July 20, 2005 1:58 PM PDT
Microsoft licenses Finjan security patents
The deal, announced Wednesday, gives Microsoft a minority share in the privately held, San Jose, Calif.-based company. It enables the software giant to use ideas developed by Finjan in future products, said Nick Sears, president of Finjan in the United States.
"It covers a broad range of patents that Finjan has developed and acquired in the last nine years in the security space," Sears said. Financial details of the deal are not being disclosed.
Microsoft has been pushing into the security arena over the past couple years. The company has acquired antivirus and anti-spyware technology and is working on bringing products to market. Also, Microsoft has said security is now top priority when developing its other products.
The technology Microsoft has licensed covers ways to monitor Internet traffic and block malicious code based on security policies, Sears said. The behavior-based system aims to defend corporate networks against viruses and spyware even if the malicious programs are completely new and have never been seen before, he added.
Microsoft has licensed only ideas covered by the patents, but not actual technology such as software code, Sears said. It is entirely up to Microsoft how it will use the patents, Sears said. "What Microsoft chooses to do, in development plans, is not part of this agreement," he said.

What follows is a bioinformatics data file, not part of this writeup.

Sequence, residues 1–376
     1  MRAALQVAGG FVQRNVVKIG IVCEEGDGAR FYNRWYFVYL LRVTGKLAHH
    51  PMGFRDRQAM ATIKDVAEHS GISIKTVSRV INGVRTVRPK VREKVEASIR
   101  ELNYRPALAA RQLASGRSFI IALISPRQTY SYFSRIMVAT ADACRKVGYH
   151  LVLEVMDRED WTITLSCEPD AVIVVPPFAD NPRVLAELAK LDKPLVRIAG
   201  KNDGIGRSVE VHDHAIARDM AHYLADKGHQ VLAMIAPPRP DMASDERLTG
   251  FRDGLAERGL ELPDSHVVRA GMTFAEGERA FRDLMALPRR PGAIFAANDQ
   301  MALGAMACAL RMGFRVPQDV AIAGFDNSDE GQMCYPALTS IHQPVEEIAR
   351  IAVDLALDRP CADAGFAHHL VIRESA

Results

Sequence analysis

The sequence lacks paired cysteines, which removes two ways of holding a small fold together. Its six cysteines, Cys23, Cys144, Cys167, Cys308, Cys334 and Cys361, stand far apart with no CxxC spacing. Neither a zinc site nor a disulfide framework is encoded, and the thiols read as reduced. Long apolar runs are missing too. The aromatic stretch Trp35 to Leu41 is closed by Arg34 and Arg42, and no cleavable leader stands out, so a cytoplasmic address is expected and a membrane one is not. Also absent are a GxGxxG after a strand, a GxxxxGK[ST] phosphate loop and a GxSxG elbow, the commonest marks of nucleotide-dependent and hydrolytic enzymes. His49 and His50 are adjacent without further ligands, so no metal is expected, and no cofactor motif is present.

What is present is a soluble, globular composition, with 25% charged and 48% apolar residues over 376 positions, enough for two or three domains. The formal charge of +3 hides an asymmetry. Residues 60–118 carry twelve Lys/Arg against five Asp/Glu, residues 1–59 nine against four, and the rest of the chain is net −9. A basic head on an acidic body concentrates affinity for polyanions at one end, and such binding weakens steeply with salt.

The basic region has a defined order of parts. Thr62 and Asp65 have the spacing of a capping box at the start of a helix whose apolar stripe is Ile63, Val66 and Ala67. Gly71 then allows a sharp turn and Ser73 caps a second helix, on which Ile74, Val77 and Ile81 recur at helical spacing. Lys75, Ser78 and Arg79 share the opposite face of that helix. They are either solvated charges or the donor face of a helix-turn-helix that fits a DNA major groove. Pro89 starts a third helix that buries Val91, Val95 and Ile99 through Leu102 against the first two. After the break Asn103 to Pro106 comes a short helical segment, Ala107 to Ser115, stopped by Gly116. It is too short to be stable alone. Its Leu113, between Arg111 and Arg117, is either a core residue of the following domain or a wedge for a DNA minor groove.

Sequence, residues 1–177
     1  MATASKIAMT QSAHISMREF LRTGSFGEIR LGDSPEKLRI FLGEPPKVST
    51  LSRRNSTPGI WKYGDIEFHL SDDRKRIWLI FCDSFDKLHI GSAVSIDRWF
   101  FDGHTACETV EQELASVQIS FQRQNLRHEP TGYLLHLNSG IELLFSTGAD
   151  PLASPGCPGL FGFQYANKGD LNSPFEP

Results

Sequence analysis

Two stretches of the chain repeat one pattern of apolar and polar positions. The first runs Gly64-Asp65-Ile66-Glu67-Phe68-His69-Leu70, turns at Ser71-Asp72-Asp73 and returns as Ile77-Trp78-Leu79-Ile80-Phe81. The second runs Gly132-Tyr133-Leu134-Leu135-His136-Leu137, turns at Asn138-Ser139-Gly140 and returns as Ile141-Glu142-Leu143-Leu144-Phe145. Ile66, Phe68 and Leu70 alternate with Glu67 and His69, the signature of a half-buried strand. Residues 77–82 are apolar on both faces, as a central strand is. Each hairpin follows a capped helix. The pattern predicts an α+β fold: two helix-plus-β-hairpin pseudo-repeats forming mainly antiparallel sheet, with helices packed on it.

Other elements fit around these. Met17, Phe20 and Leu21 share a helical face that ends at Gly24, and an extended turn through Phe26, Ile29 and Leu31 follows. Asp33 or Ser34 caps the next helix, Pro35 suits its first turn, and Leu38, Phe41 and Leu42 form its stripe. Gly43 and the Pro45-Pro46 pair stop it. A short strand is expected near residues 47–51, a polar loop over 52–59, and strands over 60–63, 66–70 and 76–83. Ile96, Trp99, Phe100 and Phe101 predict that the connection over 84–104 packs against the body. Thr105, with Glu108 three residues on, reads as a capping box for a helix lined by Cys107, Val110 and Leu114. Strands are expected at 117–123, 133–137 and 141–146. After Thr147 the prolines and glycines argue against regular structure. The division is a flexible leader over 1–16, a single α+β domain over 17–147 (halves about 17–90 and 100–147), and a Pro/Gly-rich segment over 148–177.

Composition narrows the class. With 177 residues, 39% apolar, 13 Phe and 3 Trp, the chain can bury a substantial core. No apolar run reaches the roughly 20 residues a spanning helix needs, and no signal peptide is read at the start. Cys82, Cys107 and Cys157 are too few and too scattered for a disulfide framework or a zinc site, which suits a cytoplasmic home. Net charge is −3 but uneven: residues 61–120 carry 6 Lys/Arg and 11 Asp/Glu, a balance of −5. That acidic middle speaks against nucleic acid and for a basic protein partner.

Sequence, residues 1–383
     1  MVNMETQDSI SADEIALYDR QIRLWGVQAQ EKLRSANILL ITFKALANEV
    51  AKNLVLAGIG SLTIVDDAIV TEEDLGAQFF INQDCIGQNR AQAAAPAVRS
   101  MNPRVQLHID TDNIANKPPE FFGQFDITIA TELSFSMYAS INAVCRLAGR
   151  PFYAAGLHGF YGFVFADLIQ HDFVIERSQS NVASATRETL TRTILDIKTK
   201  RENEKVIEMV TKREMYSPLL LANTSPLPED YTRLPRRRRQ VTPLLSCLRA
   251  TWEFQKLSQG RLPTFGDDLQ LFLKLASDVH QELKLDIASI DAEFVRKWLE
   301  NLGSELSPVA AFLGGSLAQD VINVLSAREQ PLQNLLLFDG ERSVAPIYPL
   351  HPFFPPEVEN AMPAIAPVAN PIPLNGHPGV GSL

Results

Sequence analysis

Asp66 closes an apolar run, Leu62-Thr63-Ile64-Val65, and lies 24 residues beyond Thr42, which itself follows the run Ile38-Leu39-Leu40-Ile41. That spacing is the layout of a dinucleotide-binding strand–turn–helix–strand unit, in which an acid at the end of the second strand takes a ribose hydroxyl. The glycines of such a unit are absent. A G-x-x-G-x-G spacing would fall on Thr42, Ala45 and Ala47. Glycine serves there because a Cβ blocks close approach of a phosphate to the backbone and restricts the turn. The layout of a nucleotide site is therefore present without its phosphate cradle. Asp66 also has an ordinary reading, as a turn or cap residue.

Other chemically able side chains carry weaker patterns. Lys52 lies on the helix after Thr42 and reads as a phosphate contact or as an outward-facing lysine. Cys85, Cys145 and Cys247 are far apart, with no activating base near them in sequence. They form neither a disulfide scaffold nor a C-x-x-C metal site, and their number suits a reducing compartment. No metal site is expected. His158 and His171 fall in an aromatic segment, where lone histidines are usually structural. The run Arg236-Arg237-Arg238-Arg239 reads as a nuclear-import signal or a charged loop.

Microsoft would not say how it will use Finjan's ideas in products. "Microsoft has licensed nonexclusive patent rights from Finjan pertaining to areas of interest to Microsoft and its efforts to provide customers with innovative security technologies," a company representative said in an e-mailed statement.
The licensing agreement is part of Microsoft's strategy to obtain the rights to technologies that it might use in its lineup. The Redmond, Wash., software giant has signed patent licensing agreements with Sun Microsystems, InterTrust, ContentGuard and Citrix, among others, the representative said.
Finjan expects the licensing agreement with Microsoft to lead to similar agreements with other companies, Sears said. However, it is not transforming itself into an intellectual property licensing company. "We are a product company," Sears said.
Finjan sells appliances for various security tasks, including securing e-mail and Web traffic. Investors include venture capital providers and Cisco Systems.
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